IT was the mid-1970s. We were young, wore bell-bottoms and shiny shirts rich with polyester, dressed for the movies, especially the once-a-week English movies that were screened at Phul Theatre in Patiala, grabbed whatever tid- bits of information we could about the West, and shared it with friends.
We were students at Yadavindra Public School, Patiala, and the world was neatly divided into students who clung on to their Punjabi feudal roots, and the ‘Yankees’, as the somewhat Anglicised minority of students who were comfortable listening to Western music were called. Among the Yankees were friends like Gupi, Pat, Winnie, Bertie, and seniors like Mandy and Sam.
We heard about a singer, Donna Summer, who had just come out with a single that had shaken the music world. “Love to Love You, Baby” was the rage in the West, and we just had to hear it. How to do that? We knew of only one way. Patiala’s Africa connection then via the Bhattal family, and our friend Gupi’s father, Uncle Sukhminder, was an indulgent millionaire.
Off went the request. Uncle was to visit India soon and thus this was added to the multiple things he was to get for family, relatives and friends. Uncle travelled around the world, especially between the US, the UK and various African countries. He had thus earned many frequent-flyer points, and could stretch baggage and other rules to his, read our, advantage.
When he arrived in London and asked for the LP, a ‘long-playing’ record for those who belong to the post-vinyl era, he was told that it was simply not available there. It was, however, much in news, because of an informal ban by “Auntie Beeb”, as the British Broadcasting Corporation was un-complementarily called. Now Uncle Sukhminder was someone who wanted to not only say “Love to Love You, Baby,” but also show it. He was known to have showered gifts on Mohinder Kaur, the love of his life who became his wife, and also on his children and friends.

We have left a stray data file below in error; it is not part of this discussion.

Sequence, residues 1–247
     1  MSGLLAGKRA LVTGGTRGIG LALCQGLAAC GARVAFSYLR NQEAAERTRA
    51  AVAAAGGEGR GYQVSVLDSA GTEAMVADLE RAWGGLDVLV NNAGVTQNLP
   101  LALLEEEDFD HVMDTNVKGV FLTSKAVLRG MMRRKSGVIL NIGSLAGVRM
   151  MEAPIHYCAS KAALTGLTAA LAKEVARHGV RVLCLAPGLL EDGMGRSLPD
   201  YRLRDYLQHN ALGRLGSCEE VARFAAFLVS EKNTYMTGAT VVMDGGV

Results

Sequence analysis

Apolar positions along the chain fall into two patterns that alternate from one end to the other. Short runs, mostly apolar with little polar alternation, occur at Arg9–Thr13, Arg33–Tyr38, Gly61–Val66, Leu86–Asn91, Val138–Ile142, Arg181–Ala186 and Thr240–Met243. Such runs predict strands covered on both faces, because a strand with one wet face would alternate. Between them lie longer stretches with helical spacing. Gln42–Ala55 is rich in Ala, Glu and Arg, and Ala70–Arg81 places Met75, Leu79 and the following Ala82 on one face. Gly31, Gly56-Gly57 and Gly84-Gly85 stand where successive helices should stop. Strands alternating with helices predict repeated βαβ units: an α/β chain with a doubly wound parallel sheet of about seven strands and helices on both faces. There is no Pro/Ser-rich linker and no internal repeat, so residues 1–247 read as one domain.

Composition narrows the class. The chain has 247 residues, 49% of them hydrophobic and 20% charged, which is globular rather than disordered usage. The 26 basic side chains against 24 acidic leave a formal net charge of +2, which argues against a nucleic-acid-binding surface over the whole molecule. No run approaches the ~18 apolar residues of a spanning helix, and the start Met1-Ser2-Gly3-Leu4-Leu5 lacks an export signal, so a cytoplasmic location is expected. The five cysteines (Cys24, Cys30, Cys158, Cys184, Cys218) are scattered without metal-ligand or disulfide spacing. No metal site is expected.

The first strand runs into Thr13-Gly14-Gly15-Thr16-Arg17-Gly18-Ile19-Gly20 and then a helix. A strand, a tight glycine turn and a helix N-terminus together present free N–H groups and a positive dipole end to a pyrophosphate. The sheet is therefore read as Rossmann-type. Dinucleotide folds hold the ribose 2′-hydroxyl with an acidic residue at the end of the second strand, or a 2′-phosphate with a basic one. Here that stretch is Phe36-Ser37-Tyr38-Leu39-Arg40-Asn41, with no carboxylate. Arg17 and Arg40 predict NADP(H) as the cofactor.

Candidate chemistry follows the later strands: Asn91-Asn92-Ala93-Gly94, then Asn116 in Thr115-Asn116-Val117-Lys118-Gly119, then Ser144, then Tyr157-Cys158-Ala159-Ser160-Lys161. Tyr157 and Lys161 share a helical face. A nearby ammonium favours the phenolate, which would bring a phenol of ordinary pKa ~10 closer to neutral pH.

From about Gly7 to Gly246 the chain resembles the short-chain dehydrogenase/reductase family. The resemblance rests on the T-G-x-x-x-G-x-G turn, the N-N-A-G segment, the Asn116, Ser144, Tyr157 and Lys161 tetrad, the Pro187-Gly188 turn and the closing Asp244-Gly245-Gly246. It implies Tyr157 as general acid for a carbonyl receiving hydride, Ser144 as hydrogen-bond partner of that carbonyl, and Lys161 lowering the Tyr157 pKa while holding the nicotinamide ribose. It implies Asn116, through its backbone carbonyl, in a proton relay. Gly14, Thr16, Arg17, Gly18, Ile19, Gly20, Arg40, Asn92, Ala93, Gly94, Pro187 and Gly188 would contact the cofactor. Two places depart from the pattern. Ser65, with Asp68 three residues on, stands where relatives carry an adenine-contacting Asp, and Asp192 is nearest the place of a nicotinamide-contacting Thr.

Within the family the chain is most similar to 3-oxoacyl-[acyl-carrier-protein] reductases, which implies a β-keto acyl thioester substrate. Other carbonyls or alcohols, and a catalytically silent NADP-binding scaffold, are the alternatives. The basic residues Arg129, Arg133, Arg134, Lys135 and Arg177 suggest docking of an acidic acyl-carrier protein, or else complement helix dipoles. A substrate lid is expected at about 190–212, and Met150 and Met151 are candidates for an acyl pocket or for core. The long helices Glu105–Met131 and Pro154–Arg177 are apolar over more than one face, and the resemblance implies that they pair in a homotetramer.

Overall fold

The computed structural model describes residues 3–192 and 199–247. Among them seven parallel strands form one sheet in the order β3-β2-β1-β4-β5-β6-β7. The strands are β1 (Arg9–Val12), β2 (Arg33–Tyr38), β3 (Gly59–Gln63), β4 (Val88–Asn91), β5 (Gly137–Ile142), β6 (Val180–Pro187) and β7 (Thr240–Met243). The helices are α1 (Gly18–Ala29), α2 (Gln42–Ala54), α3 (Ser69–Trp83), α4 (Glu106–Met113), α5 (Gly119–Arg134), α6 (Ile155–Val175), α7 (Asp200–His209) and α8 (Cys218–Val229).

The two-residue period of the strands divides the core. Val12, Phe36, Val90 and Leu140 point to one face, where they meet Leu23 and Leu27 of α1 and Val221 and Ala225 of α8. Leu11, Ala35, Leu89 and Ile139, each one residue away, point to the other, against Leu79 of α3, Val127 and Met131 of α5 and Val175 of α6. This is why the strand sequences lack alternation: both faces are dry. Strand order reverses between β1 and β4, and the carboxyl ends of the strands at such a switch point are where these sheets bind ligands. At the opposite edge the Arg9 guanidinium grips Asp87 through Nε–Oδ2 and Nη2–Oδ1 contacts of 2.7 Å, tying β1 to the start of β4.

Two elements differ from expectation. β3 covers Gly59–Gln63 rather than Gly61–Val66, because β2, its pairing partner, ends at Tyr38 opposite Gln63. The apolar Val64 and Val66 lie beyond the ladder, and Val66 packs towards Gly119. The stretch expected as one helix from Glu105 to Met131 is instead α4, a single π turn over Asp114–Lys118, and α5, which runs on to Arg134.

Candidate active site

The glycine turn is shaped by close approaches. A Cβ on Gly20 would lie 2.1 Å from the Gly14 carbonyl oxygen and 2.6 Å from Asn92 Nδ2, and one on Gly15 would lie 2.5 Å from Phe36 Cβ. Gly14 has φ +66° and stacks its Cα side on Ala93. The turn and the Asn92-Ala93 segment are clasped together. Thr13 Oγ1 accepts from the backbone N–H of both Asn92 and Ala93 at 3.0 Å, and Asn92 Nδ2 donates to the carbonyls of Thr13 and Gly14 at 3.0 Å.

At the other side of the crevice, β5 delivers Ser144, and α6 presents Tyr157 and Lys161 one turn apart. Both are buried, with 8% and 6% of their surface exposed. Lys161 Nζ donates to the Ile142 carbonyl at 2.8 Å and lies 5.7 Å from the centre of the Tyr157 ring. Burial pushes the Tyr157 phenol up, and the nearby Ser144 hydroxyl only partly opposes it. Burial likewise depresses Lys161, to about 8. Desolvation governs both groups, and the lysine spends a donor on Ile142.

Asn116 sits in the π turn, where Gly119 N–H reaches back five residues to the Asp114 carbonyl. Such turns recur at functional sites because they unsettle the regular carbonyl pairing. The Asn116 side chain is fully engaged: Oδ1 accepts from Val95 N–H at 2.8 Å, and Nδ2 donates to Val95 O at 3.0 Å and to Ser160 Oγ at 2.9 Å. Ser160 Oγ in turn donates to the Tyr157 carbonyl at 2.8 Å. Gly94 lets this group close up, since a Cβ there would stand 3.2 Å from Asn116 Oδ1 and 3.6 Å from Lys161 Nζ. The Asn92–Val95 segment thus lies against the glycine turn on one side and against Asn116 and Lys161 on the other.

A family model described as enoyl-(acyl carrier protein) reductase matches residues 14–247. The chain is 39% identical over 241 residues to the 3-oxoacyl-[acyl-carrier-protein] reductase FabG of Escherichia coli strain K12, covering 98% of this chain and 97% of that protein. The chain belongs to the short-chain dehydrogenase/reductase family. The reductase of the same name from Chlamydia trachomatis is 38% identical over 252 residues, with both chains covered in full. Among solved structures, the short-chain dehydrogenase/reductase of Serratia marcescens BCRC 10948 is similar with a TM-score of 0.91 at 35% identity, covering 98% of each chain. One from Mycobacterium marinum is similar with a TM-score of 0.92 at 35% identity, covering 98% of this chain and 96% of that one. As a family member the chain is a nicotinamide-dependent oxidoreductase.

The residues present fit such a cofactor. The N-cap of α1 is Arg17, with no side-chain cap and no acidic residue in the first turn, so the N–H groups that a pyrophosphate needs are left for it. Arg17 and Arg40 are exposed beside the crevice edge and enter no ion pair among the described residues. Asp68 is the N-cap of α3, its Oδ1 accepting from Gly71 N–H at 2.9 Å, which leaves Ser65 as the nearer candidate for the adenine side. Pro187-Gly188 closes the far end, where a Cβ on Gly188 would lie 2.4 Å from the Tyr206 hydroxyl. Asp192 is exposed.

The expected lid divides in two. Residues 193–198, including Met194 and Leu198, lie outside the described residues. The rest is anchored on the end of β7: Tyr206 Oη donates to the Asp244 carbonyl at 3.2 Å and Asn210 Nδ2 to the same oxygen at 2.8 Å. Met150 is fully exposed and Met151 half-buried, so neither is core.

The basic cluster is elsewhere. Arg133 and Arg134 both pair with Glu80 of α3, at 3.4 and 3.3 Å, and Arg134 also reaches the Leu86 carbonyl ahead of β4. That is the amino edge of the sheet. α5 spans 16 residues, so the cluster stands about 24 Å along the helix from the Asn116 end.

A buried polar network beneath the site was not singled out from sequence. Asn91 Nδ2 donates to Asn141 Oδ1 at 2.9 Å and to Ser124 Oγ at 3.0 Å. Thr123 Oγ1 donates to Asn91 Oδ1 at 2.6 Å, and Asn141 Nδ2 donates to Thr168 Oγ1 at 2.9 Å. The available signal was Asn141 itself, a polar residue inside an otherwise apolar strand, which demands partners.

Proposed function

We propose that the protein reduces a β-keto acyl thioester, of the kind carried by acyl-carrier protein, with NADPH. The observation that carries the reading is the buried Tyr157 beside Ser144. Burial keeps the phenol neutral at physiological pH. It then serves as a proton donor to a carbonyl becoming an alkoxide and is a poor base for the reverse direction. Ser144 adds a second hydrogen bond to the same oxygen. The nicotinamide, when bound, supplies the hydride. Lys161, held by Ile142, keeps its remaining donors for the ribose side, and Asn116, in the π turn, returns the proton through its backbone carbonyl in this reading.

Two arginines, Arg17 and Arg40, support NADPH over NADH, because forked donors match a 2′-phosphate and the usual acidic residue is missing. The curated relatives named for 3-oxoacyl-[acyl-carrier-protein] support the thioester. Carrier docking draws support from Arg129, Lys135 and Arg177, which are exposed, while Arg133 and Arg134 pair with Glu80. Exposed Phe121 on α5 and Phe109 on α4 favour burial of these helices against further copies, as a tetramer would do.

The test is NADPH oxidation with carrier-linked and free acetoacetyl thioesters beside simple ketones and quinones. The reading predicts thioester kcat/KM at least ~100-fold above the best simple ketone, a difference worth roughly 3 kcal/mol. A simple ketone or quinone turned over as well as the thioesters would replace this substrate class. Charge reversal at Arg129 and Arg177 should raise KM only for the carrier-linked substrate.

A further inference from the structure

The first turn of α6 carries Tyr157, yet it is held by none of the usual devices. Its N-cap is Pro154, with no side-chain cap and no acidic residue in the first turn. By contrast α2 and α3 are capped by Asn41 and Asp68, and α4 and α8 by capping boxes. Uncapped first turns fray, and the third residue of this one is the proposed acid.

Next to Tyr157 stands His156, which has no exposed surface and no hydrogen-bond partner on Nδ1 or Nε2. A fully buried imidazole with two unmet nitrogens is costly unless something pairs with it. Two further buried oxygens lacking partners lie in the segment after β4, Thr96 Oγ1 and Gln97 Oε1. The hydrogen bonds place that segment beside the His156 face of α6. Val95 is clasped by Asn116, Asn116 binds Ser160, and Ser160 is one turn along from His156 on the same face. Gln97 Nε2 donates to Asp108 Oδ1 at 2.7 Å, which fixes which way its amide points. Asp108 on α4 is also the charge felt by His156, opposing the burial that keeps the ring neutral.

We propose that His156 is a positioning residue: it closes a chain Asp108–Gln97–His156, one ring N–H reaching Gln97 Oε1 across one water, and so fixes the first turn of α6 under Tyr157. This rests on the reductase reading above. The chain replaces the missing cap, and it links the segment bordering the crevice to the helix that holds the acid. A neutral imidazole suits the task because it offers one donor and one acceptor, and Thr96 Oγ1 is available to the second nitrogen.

So, “What was I to do?” The query was rhetorically repeated in the later years. Off he went, to the city that celebrates love, Paris, and from there he got the LP, which was delivered with a certain ceremony. “Oh! You rascals, here it is, I had to go all the way to Paris to get it for you.”
Now the record was there, it was quickly whisked out of their house, and taken to Mandy and Tina’s house, which gave more privacy to us young souls. We heard the song. Its seductive, sensuous synthesised sound, interjected with minimal lyrics and many suggestive moans and groans soon had everyone enthralled.
Donna Summer, who died after a long battle with cancer on Thursday, became our favourite. Her music was era-defining. She was called Queen of Disco and had many No. 1 hits like “MacArthur Park,” “Hot Stuff” and “Bad Girls”. Then there came a period when she said she would sing anything but “Love to Love You,” though eventually she did that too. Her voice rang true, it had a power that allowed her to transcend the genre that she had launched.
As for the man who introduced us to Donna Summer, Uncle Sukhminder could be heard saying: “Oye, Where’s the LP that I got for you? Let me hear it at least once.” Now, that was not something we could afford to let happen, not after we had heard the song!
This middle by Roopinder Singh was published in The Tribune on May 19, 2012.